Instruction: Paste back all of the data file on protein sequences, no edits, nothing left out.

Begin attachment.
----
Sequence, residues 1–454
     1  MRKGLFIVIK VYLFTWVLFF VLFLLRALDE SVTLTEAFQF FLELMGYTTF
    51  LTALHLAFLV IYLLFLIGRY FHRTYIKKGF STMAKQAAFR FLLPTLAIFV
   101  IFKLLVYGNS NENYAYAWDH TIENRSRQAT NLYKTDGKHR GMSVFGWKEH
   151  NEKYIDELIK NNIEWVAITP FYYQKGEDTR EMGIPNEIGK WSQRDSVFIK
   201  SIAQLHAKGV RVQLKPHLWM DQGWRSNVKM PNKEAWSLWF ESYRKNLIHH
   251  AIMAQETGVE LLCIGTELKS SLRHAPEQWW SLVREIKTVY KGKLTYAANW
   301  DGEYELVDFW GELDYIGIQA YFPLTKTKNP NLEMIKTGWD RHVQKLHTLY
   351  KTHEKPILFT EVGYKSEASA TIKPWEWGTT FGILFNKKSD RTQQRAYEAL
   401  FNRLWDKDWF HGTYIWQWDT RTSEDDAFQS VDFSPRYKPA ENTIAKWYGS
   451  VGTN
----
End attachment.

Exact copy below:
Sequence, residues 1–454
     1  MRKGLFIVIK VYLFTWVLFF VLFLLRALDE SVTLTEAFQF FLELMGYTTF
    51  LTALHLAFLV IYLLFLIGRY FHRTYIKKGF STMAKQAAFR FLLPTLAIFV
   101  IFKLLVYGNS NENYAYAWDH TIENRSRQAT NLYKTDGKHR GMSVFGWKEH
   151  NEKYIDELIK NNIEWVAITP FYYQKGEDTR EMGIPNEIGK WSQRDSVFIK
   201  SIAQLHAKGV RVQLKPHLWM DQGWRSNVKM PNKEAWSLWF ESYRKNLIHH
   251  AIMAQETGVE LLCIGTELKS SLRHAPEQWW SLVREIKTVY KGKLTYAANW
   301  DGEYELVDFW GELDYIGIQA YFPLTKTKNP NLEMIKTGWD RHVQKLHTLY
   351  KTHEKPILFT EVGYKSEASA TIKPWEWGTT FGILFNKKSD RTQQRAYEAL
   401  FNRLWDKDWF HGTYIWQWDT RTSEDDAFQS VDFSPRYKPA ENTIAKWYGS
   451  VGTN